Seems like a lot of holiday traditions revolve around food. One of my favorites is Christmas cookies. In the weeks before Christmas, I made crullers – donuts deep-fried in lard, a recipe passed down from my maternal great-grandmother's side of the family; pecan fingers and Scotch shortbreads, passed down from my paternal great-grandmother; and cookie-cutter, icing-and-sprinkle-decorated sugar cookies to please my 5-year-old (who would rather make them than eat them). I ran out of time to make rum balls, a recipe from my stepmother that makes me smile every time I read the recipe card and it instructs the cook to drink some of the rum and dance around the kitchen.
If you read my essay in the December/January issue of the new Lipstick magazine, you will have discovered that I have occasionally found holiday dinners challenging. While this year wasn't as bad as the year I tried to make Frank Stitt's famous grits appetizer, we did have a slight snafu. We had two separate family dinners planned, one for Christmas Eve and one for Christmas Day. We decided to get a big boneless ribeye roast, cook it Christmas Eve and have plenty left for Christmas Day. So, we thought, we have Evan, myself, my sister, her husband, our daughter, and Evan's mom and dad. We ordered 6.5 pounds, enough for a pound each (half for the 5-year-old). Have you figured it out yet? We forgot to figure in the fact that Evan and I and our daughter were eating TWICE! So we cut the leftovers thin and turned them into open-faced prime rib sandwiches, with sauteed mushrooms and shallots, topped with provolone cheese. There was enough -- barely!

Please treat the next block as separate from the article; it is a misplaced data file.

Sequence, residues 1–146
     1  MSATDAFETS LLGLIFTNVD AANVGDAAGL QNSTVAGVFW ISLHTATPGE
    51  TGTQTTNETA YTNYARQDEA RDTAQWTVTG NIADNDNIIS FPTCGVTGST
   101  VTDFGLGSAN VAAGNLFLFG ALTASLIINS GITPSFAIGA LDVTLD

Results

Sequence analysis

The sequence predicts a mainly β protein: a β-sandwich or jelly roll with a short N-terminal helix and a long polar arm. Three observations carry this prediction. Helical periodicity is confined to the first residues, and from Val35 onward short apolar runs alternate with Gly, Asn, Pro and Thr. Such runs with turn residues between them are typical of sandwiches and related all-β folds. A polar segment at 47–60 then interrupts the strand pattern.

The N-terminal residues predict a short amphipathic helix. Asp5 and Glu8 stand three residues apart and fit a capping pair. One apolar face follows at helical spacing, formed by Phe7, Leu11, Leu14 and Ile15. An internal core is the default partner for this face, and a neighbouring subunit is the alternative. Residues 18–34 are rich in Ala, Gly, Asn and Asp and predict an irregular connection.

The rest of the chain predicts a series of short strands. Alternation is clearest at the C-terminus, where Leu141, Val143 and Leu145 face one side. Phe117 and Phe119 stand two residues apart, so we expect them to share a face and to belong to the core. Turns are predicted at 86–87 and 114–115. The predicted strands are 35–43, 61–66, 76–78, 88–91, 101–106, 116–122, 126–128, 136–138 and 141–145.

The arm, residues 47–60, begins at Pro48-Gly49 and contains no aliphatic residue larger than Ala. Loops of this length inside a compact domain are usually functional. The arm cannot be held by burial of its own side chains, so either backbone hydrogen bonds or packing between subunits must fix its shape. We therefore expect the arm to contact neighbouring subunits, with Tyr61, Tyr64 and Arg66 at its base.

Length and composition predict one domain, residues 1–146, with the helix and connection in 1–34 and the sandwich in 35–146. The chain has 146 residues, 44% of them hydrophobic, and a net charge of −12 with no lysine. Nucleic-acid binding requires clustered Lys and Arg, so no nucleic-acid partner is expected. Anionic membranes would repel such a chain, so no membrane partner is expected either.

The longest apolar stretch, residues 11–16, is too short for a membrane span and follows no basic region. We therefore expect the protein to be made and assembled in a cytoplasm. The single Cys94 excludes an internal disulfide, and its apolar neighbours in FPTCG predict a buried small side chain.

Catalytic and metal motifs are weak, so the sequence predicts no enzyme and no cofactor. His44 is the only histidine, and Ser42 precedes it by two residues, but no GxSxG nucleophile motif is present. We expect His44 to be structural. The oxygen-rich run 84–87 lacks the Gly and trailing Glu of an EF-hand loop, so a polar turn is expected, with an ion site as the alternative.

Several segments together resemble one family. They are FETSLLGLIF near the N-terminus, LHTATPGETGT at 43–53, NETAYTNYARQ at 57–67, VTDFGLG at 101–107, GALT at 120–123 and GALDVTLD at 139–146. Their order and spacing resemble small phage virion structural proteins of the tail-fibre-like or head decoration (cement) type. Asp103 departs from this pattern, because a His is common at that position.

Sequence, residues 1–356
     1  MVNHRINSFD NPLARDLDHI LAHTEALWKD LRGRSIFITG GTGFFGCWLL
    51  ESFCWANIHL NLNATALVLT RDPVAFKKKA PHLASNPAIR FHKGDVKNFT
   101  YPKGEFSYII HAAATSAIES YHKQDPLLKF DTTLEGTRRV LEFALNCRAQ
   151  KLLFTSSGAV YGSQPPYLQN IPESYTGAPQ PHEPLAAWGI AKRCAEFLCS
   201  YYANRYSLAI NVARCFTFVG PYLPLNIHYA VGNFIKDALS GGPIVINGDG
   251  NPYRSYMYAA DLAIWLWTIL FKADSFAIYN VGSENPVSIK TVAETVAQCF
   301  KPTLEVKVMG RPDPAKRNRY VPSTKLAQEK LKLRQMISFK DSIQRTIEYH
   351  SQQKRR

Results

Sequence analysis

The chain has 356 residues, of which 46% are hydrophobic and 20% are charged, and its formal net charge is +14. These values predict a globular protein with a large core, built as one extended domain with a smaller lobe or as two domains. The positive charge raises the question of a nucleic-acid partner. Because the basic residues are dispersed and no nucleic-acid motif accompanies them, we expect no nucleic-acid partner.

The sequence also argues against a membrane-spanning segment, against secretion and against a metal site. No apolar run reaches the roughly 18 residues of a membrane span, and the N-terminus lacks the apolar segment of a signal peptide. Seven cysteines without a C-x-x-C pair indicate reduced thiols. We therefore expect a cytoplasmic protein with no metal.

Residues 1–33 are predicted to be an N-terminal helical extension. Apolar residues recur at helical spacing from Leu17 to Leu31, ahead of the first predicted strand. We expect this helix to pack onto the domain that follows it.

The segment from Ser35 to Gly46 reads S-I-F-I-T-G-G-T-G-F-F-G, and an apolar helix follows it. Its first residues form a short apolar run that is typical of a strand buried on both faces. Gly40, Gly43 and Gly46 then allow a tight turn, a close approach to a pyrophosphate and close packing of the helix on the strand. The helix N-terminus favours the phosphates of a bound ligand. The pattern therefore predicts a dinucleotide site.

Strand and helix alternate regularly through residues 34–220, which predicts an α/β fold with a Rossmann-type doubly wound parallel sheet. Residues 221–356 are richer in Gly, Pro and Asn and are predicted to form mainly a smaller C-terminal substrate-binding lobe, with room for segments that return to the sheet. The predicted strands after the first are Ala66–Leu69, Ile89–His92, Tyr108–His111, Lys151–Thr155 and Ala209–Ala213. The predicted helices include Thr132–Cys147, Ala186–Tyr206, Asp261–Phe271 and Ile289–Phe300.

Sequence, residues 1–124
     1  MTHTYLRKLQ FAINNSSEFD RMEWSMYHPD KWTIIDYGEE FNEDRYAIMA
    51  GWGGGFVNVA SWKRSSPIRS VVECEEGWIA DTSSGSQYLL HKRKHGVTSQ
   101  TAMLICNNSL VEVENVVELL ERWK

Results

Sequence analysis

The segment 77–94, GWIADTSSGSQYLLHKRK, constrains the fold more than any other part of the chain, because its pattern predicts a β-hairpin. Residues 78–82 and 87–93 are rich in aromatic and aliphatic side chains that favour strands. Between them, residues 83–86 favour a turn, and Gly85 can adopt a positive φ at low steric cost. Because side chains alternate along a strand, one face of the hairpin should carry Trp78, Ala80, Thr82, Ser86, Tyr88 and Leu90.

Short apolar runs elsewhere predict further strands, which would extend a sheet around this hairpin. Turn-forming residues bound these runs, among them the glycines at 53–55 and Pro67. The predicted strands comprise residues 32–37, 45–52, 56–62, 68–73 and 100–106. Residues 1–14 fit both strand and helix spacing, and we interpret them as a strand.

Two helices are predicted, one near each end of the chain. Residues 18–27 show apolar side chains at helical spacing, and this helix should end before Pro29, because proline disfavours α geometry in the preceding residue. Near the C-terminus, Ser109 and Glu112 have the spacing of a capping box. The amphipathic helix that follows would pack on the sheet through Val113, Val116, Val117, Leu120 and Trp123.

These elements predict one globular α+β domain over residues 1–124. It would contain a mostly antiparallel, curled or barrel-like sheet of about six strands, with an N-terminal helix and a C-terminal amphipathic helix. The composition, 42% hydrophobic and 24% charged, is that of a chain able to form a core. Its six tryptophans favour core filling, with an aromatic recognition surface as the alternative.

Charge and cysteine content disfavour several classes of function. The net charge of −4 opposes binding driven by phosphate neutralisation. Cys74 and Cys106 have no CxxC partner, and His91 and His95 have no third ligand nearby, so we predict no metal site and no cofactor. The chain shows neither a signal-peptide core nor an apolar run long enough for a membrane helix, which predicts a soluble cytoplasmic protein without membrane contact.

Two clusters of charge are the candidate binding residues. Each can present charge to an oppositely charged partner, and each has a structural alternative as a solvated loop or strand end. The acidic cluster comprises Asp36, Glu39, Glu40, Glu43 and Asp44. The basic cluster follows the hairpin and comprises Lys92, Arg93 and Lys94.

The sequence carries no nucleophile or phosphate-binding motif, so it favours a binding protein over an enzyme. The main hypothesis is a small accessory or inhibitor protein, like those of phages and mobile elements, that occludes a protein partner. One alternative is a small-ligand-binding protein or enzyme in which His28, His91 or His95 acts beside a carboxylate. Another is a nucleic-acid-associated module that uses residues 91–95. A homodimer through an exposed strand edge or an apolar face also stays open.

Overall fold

I also received a few food-related gifts this Christmas. The folks over at Primavera Coffee Roasters in Cahaba Heights sent us a half-pound of one of their "Cup of Excellence" coffees, from a small Brazilian coffee farm that has been in the family since 1890. We drink pretty decent coffee (Starbucks or Whole Foods' house brand or O'Henry's), but this made our normal coffee seem like Maxwell House! Also, a dear friend gave me the Lee Bros. Southern Cookbook. It is a blast to read the brothers' tales of their experiences spending their formative years in Charleston, trying to sell boiled peanuts in New York, and the many interesting characters they have met in the South. The recipes range from basic fried chicken to corncob wine.